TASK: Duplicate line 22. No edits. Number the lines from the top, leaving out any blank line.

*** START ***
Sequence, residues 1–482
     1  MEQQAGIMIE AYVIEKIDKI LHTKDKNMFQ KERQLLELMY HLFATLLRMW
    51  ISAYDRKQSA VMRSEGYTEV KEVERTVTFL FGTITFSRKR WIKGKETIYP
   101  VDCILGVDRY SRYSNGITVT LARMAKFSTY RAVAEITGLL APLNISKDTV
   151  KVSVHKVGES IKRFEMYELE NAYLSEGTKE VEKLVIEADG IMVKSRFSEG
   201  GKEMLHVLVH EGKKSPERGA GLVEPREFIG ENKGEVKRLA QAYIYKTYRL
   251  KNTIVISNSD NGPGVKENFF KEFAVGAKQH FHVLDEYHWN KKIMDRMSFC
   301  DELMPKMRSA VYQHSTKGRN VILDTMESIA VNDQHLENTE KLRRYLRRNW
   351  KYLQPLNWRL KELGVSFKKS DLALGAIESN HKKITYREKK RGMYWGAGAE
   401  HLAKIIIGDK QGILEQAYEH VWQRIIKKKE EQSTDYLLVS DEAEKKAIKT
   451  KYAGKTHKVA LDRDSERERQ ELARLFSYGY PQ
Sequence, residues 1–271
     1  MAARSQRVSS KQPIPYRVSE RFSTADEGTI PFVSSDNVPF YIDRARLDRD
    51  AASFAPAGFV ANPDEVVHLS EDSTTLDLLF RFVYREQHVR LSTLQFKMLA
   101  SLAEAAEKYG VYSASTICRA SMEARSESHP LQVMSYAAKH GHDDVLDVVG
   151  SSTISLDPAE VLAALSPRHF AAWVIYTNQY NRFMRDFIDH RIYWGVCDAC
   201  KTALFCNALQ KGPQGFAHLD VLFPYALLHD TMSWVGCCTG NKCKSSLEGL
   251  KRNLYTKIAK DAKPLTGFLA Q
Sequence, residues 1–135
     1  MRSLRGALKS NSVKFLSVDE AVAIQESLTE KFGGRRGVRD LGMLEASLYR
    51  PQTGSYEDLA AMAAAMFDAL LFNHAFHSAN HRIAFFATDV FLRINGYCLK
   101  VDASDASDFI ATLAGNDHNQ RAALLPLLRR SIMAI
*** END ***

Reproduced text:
   101  VDASDASDFI ATLAGNDHNQ RAALLPLLRR SIMAI